Вы находитесь на странице: 1из 8

Available online at www.sciencedirect.

com

ScienceDirect
Procedia Engineering 86 (2014) 835 842

1st International Conference on Structural Integrity, ICONS-2014

Vibration Analysis of a Simply Supported Beam with Multiple


Breathing Cracks
K. Vigneshwaran* andR.K. Behera
Department of Mechanical Engineering,National Institute of Technology, Rourkela-769008, India
a
E-mail ID: vikkydesigns@gmail.com

Abstract

The dynamic characteristics of a beam with multiple breathing cracks are studied in this paper. A systematic approach has been
adopted in the present investigation to develop theoretical expressions for evaluation of natural frequencies and mode shapes. A
simple elastic simply supported beam with two breathing cracks is considered for the dynamic analysis. The stiffness of the
cracked beam is found out by using influence coefficients. The influence coefficients are calculated by using castigilianos
theorem and strain energy release rate (SERR).The equation of motion of the beam was derived by using Hamiltons principle.
The stiffness and natural frequencies for the multiple cracked beam calculated using eigen value approach. It is seen that due to
presence of cracks, the stiffness and natural frequency changes. The mode shapes and the FRF for the uncracked, cracked and
breathing cracked cantilever beam also obtained and compared. The mode shape changes considerably due to the presence of
crack.
2014
2014 The
The Authors.
Authors. Published
Published by
by Elsevier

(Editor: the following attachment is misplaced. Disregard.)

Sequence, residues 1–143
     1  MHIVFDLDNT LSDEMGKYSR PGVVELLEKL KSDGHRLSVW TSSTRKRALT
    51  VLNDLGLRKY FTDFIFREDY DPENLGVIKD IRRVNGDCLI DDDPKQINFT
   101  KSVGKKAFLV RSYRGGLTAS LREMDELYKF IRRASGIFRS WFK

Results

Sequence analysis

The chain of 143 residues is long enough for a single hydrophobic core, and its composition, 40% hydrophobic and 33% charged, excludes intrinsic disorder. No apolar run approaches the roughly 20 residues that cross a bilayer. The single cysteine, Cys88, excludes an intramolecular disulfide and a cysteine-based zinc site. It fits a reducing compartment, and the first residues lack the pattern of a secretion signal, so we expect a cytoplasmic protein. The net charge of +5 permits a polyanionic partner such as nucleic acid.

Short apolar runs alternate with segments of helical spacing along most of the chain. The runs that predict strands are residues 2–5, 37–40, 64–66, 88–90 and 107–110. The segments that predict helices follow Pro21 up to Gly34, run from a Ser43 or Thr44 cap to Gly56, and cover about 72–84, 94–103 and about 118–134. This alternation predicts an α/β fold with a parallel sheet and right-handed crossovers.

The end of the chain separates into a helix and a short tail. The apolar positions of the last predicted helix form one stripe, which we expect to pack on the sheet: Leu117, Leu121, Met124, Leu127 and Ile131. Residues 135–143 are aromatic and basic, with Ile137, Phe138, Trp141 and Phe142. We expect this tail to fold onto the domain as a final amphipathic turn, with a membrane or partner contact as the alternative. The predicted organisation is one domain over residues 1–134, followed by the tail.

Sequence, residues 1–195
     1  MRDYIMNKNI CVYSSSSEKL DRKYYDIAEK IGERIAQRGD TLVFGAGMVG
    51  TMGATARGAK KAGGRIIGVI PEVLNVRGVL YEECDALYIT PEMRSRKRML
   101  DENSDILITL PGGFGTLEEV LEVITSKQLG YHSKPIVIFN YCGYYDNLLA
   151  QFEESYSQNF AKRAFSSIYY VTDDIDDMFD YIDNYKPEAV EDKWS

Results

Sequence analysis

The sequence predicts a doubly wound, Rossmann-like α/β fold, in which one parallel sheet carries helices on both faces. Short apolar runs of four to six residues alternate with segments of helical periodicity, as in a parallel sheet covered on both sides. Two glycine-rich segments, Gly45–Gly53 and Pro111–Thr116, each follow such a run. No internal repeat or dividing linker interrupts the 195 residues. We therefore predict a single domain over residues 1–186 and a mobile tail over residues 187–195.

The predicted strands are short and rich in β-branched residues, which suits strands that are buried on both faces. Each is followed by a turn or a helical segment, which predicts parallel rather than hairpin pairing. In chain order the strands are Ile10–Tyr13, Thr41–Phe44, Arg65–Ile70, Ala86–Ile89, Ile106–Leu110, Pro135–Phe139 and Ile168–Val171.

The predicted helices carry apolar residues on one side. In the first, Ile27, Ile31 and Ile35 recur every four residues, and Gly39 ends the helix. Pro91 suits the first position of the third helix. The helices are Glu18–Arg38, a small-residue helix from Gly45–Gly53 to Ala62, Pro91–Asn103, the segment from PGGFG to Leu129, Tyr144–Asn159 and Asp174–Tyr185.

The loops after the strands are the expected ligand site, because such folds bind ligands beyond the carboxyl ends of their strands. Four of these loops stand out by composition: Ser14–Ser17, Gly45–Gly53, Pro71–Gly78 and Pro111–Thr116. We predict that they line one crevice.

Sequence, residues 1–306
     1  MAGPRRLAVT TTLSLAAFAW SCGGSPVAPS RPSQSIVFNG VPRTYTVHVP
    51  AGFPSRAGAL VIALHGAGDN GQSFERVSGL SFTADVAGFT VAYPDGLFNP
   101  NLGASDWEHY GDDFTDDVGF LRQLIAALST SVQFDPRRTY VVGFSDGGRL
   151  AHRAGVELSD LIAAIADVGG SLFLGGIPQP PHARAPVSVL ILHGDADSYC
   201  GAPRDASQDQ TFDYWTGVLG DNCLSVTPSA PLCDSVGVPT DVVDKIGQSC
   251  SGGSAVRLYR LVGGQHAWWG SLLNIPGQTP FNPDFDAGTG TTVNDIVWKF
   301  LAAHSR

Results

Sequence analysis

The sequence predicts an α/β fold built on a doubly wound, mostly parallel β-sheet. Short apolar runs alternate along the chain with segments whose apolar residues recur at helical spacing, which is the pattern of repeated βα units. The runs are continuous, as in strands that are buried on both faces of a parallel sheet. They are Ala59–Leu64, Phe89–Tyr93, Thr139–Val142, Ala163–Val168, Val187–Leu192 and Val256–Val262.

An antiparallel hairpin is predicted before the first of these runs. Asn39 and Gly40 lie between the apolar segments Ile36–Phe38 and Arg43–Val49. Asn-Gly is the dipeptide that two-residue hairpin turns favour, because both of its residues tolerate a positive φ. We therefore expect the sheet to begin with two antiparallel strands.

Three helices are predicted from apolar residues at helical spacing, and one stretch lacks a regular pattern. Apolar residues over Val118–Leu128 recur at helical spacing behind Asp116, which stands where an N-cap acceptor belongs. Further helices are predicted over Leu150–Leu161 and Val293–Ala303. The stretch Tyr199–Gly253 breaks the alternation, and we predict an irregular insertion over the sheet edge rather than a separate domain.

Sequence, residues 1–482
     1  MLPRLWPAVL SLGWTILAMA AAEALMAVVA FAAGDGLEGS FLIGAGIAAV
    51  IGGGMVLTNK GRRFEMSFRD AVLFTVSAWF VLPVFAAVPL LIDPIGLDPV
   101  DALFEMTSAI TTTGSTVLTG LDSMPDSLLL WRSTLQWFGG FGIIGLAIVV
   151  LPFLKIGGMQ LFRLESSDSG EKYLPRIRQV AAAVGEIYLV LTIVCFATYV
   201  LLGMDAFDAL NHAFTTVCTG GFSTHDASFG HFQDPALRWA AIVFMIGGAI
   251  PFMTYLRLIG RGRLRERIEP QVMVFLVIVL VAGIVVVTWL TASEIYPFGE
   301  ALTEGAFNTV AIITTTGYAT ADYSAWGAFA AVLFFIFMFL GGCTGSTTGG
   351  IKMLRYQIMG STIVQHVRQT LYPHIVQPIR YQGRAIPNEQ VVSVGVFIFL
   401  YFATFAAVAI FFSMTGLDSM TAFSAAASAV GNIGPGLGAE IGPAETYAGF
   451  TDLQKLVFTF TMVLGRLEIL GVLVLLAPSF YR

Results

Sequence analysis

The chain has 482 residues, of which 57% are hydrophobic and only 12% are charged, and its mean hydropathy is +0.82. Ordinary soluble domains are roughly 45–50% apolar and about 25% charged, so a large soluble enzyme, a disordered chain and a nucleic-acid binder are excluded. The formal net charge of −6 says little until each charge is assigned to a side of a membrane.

Elsevier Ltd.
Ltd. This is an open access article under the CC BY-NC-ND license
(http://creativecommons.org/licenses/by-nc-nd/3.0/).
Peer-review under responsibility of the Indira Gandhi Centre for Atomic Research.
Peer-review under responsibility of the Indira Gandhi Centre for Atomic Research
Keywords:Breathing crack, Mode shape, Frequency response (FRF), FEM, Vibration analysis.

Introduction

Beams are one of the most commonly used structural elements in numerous engineering applications (ex.
aerodynamic structures, tankers and rotors, etc.,) and experience a wide variety of static and dynamic loads. The
crack modelling is an important step in studying the behaviour of damaged structures. The majority of published
studies assume that the crack in a structural member always remains open during vibration. The cracks are always
open in vibration is not realistic because due to repetitive loads the crack may open or close. The relation between
the applied load and the strain energy concentration around the tip of crack is explained by Irwin (1957). Qian et al.
(1990) developed a finite element model of an edge cracked beam. In his paper, an element stiffness matrix of a
beam with crack is first derived from an integration of stress intensity factors. The finite element model is applied to
a cantilever beam with an edge crack, and the eigen frequencies are determined for different crack lengths and

1877-7058 2014 The Authors. Published by Elsevier Ltd. This is an open access article under the CC BY-NC-ND license
(http://creativecommons.org/licenses/by-nc-nd/3.0/).
Peer-review under responsibility of the Indira Gandhi Centre for Atomic Research
doi:10.1016/j.proeng.2014.11.104
836 K. Vigneshwaran and R.K. Behera / Procedia Engineering 86 (2014) 835 842

locations. Douka et al. (2005) investigated timefrequency analysis of the free vibration response of a beam with a
breathing crack using the empirical mode decomposition and Hilbert transform for single degree of freeedom system
(SDOF) of a beam. The influence of a crack inn a welded joint on the dynamic behaviour of a structuraal member is
discussed by Chondros and Dimaragonas (1980). The vibration analysis of a cracked beam and crackeed shaft have
been studied by Dimarogonas et.al (1983).Theey derived the flexibility matrix of the cross section co ontaining the
crack.The vibrational response of the harmonicc force of a cantilever beam with cracks of different size and
a locations
has been analysed by Pugno et al. (2000) usingg harmonic balance method. They analysed and compareed the results